Coaching Girls: How to deliver feedback effectively

Mia: My daughter’s club volleyball coach is amazing; he thanks players for running for an out of bounds ball that they have no hope of getting. They would walk through fire for him. I asked him when we headed over to the team dinner one night if he had always coached this way. He told me that he used to be the kind of coach who was the hardest on the most promising player, but he learned that you can’t coach girls in that way.

Alison: Girls want to be pushed but they need positive reinforcement. It’s important for them to feel that even when you’re pushing them, you still believe in them. Which means that you can’t just give them positive feedback at the end of practice, they need a small amount of positive reinforcement throughout practice.

A female player can’t be in the unknown, she needs to be sure that her coach thinks she is good enough. You can’t assume that because she scored five goals in the small-sided game that she knows that she had a good training session.

I saw this in evidence just recently in training; girls can really improve during practice if you encourage them. When they achieve something that you have been asking of them, giving them a quick boost with some praise can go a long way. Never assume that they know that they are doing well, it’s rarely the case.

Once you’ve noticed a player has done something positive, compliment it right away. A player will grow from that.

For example, Helena was stripped of the ball three times in practice. She needed to look over her shoulder to see pressure. As soon as she did that, BOOM! My feedback to her was: “That’s exactly the turn that I need you to do. You turned away from pressure really well.” And she didn’t lose the ball in the midfield throughout the rest of practice!

Girls need to trust you

What you can’t say is: “Stop losing the ball!” A response along those lines will usually result in her then losing the ball for the rest of training.

As soon as she masters the skill that you wanted her to work on -- it doesn’t have to result in a goal, it’s that she turned, escaped pressure, and connected a ball -- you need to praise it straightaway. In my experience, she’ll then demonstrate that skill again and again.

There are certain girls on the team to whom I could say regarding a 40-yard pass: “Come on, Jo Jo, you have to connect that out of the back.” We’ve built a relationship on trust, so I can send her that message in the knowledge that she knows I still value her as a player.

However, I couldn’t say that to a freshman who isn’t as sure about her standing in the team. I would have to be more positive. She has to know that I am there for her, that I do believe in her, and that I think that she’s a good player. Once she trusts me, I can give a little bit more. I could eventually say: “That’s the one that we can’t lose in the back,” knowing that it wouldn’t erode her confidence.

Girls need to know that you, as the coach, believe in them.

While girls need constant feedback during practice, it needs to always be positive until a trusting relationship is established.

Once you notice a player has done something positive, compliment it right away.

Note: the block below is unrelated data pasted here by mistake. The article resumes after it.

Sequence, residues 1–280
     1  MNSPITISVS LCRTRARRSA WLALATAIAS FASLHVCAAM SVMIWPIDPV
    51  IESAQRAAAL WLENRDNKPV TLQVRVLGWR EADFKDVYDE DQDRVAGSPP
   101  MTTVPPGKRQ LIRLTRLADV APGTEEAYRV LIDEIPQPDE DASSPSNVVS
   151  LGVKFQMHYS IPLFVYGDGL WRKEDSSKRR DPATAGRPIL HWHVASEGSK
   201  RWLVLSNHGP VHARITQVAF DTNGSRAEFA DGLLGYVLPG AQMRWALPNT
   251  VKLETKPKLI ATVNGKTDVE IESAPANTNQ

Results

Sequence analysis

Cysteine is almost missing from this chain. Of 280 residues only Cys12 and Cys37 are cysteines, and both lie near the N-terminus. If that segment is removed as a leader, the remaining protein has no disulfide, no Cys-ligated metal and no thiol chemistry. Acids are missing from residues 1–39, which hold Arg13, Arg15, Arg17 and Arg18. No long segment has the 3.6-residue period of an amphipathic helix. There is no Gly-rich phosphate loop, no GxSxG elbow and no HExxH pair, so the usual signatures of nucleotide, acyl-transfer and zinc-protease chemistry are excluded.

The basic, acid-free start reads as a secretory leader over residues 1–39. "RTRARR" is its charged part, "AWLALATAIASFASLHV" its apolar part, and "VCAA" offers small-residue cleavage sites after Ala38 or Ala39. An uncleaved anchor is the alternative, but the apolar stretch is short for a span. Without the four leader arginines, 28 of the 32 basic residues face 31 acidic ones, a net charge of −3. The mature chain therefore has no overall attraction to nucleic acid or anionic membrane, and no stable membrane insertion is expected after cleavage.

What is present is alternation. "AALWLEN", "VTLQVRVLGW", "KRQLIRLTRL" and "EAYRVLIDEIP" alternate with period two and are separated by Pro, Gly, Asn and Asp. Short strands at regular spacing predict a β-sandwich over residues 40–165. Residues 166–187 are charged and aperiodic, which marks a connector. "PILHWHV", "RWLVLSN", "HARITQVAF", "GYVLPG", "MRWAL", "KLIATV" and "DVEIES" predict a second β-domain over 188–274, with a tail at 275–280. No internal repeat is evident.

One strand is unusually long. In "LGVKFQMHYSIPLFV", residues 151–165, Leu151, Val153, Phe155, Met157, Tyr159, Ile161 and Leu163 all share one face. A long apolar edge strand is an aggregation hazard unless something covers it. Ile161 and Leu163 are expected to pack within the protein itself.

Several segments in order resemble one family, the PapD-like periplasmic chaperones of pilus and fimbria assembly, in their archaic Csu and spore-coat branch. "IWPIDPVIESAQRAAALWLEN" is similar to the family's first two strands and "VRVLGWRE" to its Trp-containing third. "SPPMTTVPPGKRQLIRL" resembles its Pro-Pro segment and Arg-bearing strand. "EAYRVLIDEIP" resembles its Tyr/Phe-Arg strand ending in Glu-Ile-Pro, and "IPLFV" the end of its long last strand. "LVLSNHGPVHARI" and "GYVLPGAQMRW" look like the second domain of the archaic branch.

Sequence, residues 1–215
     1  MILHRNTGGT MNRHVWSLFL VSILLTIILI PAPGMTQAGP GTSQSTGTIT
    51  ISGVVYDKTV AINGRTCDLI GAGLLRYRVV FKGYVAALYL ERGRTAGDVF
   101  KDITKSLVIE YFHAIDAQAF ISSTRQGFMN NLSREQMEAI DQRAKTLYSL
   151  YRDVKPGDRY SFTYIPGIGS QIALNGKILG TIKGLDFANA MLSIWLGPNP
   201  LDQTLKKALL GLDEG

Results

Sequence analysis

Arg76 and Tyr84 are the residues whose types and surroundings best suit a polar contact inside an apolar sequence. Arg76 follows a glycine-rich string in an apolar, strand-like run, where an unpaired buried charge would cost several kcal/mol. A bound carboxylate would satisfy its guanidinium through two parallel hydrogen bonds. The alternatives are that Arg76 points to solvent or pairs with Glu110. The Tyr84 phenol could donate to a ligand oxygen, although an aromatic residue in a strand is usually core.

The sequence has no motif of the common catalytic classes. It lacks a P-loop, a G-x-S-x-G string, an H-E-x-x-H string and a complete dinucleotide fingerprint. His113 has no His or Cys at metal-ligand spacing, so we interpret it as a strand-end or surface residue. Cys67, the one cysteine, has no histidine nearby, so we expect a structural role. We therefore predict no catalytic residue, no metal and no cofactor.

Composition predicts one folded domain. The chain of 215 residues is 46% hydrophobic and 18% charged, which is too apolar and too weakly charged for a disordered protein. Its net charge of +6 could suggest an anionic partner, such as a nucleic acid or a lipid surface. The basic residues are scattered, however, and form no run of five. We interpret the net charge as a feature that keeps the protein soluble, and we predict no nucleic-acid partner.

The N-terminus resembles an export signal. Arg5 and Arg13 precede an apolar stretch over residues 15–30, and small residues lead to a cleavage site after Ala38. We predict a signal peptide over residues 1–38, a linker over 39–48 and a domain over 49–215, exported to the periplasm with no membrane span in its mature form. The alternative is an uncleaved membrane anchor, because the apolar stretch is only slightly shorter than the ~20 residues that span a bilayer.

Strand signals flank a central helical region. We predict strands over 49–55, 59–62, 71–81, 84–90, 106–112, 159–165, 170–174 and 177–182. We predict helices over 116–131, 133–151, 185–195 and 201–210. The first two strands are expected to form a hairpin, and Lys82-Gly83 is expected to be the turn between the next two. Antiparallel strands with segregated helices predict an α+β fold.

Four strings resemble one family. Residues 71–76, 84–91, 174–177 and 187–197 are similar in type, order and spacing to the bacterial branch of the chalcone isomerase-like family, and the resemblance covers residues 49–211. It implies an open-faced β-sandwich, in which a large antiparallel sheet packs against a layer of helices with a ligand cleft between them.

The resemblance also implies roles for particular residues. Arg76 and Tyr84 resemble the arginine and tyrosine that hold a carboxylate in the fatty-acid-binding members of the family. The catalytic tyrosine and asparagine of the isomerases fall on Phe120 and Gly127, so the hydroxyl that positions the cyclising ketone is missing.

Give this constant stream of positive feedback to everyone on the team, as evenly as possible.

(Excerpted from "How to Coach Girls," by Alison Foley and Mia Wenjen, Audrey Press, 2018. Foley is head coach of Boston College's women's soccer team. Wenjen covers education, parenting and multicultural children’s books at The book, which focuses on the key elements to keep girls coming back next season, covering topics like Coaching Your Own Daughter to Pitfalls of Choosing Captains to Developing Team Chemistry, is available HERE and on Amazon).

2 comments about "Coaching Girls: How to deliver feedback effectively".
  1. Gary Allen, March 6, 2018 at 8:46 a.m.

    Alison and Mia have hit upon a very important point, and it does not matter how accomplished or how old your players.  I had always coached boy's and men's teams.  Then, I had the opportunity to coach a Women's Open Team that had 8 players who had played for the US Women's National Team.  I cannot remember exactly what we were working on, but I made a couple of correcting comments, and, after the second time, one of the most accomplished players broke out in tears.  It was a direct lesson for me as a coach, and I immediately changed my approach to a more positive direction, rather than correction.  Not only did this player and the others respond tremendously, but many of them are still friends that I have today, in part, because my change of approach showed them that I valued them and believed in them.  So, good on ya Alison and Mia.  

  2. Paul Stewart, March 6, 2018 at 7:09 p.m.

    Research shows that players in general react best to positive feedback at a ratio of about 5:1 positive to negative.  Too much negative causes most players to tune out.  Perhaps the most important difference in this area is that girls tend to blame themselves when something goes wrong, and boys blame everyone else!  Girls also tend to hold it in for a long time when they have been wronged, and boys retaliate immediately.  Books like this on the difference in coaching boys and girls are extremely important.  I also recommend the Positive Coaching Alliance for great information for coaches, players, parents and officials on the benefits of a positive approach, on and off the field.

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